‘Fake news bill imperils freedom of expression’

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A proposed bill slapping as much as P5-million fine and five-year prison time for peddlers of fake news will endanger citizens’ constitutional right to freedom of speech and freedom of the press, lawmakers warned on Friday.

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Congressmen Teddy Baguilat of Ifugao and Carlos Zarate of Bayan Muna and Antonio Tinio of Alliance of Concerned Teachers sounded the alarm over the proposal made by Sen. Joel Villanueva.

Villanueva’s Anti-Fake News bill penalizes “a person who maliciously offers, publishes, distributes, circulates and spreads false news or information or causes the publication, distribution, circulation or spreading of the same in print, broadcast or online media and the person having full knowledge that information is false or has reasonable grounds to believe that the same is false.”

Villanueva’s proposal says such false news or information must cause or tend to cause panic, division, chaos, violence and hate or must exhibit or tend to exhibit a propaganda to blacken or discredit one’s reputation.

“That bill is patterned after the German law but the German law was legislated to fight hate messages and has strong constitutional grounds because of its anti-Nazi, anti-hate provisions. In our case, I would suggest we should instead work on ways on how to fight fake news without having the state use its powers to restrict freedom of expression,” Baguilat, a former journalist, said in a text message.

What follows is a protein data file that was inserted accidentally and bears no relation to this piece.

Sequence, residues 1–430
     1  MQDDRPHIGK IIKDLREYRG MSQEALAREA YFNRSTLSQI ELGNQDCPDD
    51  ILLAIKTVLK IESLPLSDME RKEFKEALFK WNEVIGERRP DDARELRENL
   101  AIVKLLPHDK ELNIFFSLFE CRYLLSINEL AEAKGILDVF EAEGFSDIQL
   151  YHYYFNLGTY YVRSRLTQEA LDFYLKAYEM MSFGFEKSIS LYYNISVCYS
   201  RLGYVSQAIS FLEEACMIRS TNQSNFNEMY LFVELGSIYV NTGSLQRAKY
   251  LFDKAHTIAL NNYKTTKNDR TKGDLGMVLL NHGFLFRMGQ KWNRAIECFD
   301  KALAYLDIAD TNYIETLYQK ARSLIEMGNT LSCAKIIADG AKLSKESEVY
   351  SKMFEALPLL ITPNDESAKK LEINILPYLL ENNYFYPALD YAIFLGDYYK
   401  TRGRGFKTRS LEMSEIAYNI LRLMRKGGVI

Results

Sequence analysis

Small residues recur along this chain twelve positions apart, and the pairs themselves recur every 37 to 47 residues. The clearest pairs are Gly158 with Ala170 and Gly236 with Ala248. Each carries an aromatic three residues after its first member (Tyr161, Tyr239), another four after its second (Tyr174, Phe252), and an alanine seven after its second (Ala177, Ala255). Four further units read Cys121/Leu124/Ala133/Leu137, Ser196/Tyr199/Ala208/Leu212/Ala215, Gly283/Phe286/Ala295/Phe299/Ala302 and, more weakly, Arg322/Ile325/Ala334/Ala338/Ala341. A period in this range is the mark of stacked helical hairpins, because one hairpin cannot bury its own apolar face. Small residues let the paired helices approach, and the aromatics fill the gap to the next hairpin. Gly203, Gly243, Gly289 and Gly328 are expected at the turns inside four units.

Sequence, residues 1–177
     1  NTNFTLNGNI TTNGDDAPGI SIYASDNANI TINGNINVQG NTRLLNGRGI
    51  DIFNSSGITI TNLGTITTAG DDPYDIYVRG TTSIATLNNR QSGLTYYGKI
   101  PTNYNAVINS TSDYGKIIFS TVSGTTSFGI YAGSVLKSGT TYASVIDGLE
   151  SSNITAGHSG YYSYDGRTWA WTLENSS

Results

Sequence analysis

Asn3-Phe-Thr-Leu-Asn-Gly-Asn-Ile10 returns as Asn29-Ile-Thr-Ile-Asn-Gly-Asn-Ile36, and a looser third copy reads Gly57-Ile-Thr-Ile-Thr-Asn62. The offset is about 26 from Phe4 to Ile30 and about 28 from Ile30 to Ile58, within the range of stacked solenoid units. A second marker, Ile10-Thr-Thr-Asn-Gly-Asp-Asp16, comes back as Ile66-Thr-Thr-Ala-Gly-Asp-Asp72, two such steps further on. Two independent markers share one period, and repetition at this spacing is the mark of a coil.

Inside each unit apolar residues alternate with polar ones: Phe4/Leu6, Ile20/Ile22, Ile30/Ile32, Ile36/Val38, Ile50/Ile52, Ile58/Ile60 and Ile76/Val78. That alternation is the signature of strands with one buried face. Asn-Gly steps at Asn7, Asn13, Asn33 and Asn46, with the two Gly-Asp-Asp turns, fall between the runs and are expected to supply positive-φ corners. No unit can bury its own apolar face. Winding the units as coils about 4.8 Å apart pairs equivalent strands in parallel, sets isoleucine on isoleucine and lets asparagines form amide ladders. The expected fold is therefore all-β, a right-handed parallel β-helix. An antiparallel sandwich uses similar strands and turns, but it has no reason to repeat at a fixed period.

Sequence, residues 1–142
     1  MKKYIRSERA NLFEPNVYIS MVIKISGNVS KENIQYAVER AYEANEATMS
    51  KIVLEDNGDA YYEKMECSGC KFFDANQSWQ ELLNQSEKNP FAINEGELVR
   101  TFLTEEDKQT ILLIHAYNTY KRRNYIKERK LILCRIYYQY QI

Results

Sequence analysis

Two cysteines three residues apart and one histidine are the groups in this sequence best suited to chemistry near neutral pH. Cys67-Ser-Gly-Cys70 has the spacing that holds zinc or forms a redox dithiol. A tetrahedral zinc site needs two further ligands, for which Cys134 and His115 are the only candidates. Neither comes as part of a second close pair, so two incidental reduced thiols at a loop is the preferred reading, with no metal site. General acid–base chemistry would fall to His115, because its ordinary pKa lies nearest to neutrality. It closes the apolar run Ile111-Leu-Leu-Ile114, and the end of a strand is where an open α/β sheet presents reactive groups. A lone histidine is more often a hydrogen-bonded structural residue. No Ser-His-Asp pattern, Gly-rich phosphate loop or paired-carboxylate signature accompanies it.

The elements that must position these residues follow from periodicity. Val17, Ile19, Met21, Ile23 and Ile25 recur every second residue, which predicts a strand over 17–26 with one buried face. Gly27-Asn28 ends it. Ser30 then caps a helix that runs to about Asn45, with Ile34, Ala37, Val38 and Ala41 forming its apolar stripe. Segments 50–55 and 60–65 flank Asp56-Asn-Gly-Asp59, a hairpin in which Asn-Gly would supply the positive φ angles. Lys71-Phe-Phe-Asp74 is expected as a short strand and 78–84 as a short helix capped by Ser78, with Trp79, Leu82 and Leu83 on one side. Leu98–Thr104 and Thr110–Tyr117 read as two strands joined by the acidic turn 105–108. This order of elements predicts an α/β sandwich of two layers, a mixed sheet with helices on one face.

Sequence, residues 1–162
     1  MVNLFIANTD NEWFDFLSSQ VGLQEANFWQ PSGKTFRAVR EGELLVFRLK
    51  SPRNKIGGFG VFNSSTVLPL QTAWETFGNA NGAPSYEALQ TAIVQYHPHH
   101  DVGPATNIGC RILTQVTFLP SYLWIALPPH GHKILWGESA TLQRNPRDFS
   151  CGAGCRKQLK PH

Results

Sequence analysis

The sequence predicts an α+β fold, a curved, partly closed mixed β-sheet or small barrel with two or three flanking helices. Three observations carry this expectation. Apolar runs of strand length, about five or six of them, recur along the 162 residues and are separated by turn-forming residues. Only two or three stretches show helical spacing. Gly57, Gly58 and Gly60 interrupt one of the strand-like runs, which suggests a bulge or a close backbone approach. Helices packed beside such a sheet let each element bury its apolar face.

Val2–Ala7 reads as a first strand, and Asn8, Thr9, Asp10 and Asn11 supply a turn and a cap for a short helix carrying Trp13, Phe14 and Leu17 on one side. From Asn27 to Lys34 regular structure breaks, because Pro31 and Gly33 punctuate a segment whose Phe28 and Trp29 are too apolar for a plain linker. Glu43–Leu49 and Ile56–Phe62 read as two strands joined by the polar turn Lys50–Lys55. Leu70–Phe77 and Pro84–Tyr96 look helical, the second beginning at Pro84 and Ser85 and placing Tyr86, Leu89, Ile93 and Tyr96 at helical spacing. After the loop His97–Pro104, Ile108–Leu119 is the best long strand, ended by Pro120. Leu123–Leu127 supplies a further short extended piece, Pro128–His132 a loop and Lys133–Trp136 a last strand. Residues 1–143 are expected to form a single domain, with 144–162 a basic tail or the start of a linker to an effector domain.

The Ifugao lawmaker was referring to Germany’s war history wherein the Nazis led by Adolf Hitler ordered all Jews in Europe killed for supposedly being an inferior race.

“While the proliferation of fake news and online misinformation has to be addressed decisively, we submit that criminalizing it is not the way forward. The bill’s very broad scope may infringe on the people’s constitutionally-guaranteed freedom of expression,” Zarate, also a former journalist before becoming a public official like Baguilat, said.

Baguilat and Tinio said self-regulation remains the best way to fight fake news since media organizations are already liable for peddling false information under the libel law and that government officials are already covered by the law on Code of Conduct and Ethical Standards for Public Officials.

Zarate and Tinio said fake news is just modern-day propaganda, a strategy that has been used by the country’s colonizers and then-President Ferdinand Marcos to stifle dissent among the Filipinos who were fighting for freedom and democracy, respectively.

Instead of penalizing fake news peddlers, Zarate called for speedy passage of the Freedom of Information bill so the public will have available facts, rather than fake news, to consume.

“The best way to counter fake news is for the people to be well informed of facts,” he said.

LLANESCA T. PANTI

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